After a dinner meeting with President Karzai at the presidential palace in Kabul, Secretary of Defense Hagel offered his view of the meeting and reflected on his two days of visits and meetings in the war zone.
He called his meeting with Karzai — whom he has known for “many years” and with whom Hagel has “always had a good relationship” — a “good exchange,” and one that featured “clear, direct conversation.”
He thanked and commended Ambassador Cunningham, General Dunford and their teams and especially all Americans in war zones: “What they have to deal with everyday and the sacrifices they make is pretty remarkable, that quality of individual, and Americans are very, very fortunate to have that in our career, foreign service and military.”
Read Secretary Hagel’s full remarks and also questions and answers on comments made by President Karzai that the “Taliban suicide attacks on Saturday were aimed at intimidation that would prolong the presence of international troops in Afghanistan,” here.
Or, as Joan Soley at BBC News in Kabul says:
What do you say over dinner to a man who accused your government of nefarious dealings with the Taliban on live television earlier that day?
The man who some said would not be able to stand up to the generals because he was “just a sergeant” — just a “grunt” — during the Vietnam War is now being saluted by those generals in Afghanistan and has met with that country’s Defense Minister, other Ministers and is doing quite well, thank you very much.
Secretary of Defense Chuck Hagel also met today with Afghanistan’s President Hamid Karzai in Kabul (below). (DoD photo by Erin A. Kirk-Cuomo)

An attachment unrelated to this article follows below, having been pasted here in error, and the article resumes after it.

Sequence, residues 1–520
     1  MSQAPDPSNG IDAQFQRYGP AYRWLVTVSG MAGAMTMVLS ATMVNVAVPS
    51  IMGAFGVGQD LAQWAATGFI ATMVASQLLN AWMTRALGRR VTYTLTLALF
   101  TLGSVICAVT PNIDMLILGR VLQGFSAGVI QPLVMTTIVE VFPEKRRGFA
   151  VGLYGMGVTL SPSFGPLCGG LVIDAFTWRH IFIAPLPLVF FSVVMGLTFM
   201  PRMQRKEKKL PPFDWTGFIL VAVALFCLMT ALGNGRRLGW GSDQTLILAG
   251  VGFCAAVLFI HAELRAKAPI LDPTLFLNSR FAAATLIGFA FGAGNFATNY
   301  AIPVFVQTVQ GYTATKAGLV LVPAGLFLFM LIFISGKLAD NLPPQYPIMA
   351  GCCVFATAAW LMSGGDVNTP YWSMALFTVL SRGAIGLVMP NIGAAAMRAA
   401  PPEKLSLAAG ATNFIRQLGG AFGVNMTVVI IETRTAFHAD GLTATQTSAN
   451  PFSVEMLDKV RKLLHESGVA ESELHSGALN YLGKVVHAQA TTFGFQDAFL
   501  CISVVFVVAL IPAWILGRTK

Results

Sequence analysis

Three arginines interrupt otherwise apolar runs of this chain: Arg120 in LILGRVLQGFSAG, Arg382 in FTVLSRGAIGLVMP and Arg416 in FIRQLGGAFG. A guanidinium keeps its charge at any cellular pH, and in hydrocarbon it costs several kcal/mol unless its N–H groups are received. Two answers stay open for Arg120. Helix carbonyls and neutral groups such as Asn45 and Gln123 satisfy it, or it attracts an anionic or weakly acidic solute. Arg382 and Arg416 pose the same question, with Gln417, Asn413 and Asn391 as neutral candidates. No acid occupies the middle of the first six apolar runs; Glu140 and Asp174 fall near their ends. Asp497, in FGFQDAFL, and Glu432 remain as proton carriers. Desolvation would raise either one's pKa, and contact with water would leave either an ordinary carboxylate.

Of course, Defense Secretary Chuck Hagel also met, talked and laughed with the troops. Below: Hagel with American troops during his visit to the Kabul Military Training Center in Kabul, Afghanistan, March 10, 2013.
Later in the day, when questioned about the explosion and after expressing his sympathy to the families of the victims, Secretary of Defense Hagel remarked, “I was in a briefing – but we’re in a war zone. I’ve been in a war. So you shouldn’t be surprised when a bomb goes off.”
The Vietnam War veteran also said that such “spectacular” attacks make no difference to U.S. or ISAF strategy in Afghanistan.
The former “grunt” who served honorably and heroically in combat in Vietnam and who was awarded two Purple Hearts, traveled to Jalalabad and visited Forward Operating Base (FOB) Fenty. There, the Defense Secretary pinned Purple Hearts on two soldiers who had suffered traumatic brain injuries during a predawn attack on Dec. 2 on their FOB.
While in Jalalabad, the Soldier Secretary — whose military service some said “could be a handicap” — met, shook hands, embraced and laughed with the troops, as he had done elsewhere.
Hagel told the troops of the Army’s 101st Airborne Division’s “Bastogne” 1st Brigade Combat Team :
It is true, I was in the United States Army in 1968 in Vietnam. I was with the 9th Infantry Division. I wasn’t smart enough to be in 101st, but worked with 101st on two different occasions and have many friends who served with the Screaming Eagles for many years, some even led this much decorated and distinguished division and I always have appreciated this service that this division has given to our country.
But Hagel also thanked each one of them for their service and for what they are doing for “our country and for the people of Afghanistan” and told them how honored he is to serve as secretary of defense:
It, of course, is a personal privilege but more than that, it is an opportunity to serve with America’s finest men and women who render as selfless service as I know. And to be part of your team is indeed a great privilege and I want you to know how proud I am to be part of your team and working with you.
And I want you to also know that I will always do my best for you, for your families, our country. I will always put our men and women in uniform first and do everything I can to ensure your safety or success and everything that you’re entitled to.
This is called “empathy with the troops,” a quality enhanced by having been one of the troops — not a negative attribute . It is also called “leadership.”
On his first trip as the 24th defense secretary to visit U.S. troops, NATO leaders and Afghan counterparts, the new Secretary of Defense, a former “grunt,” is doing just fine.
All photos and captions: DOD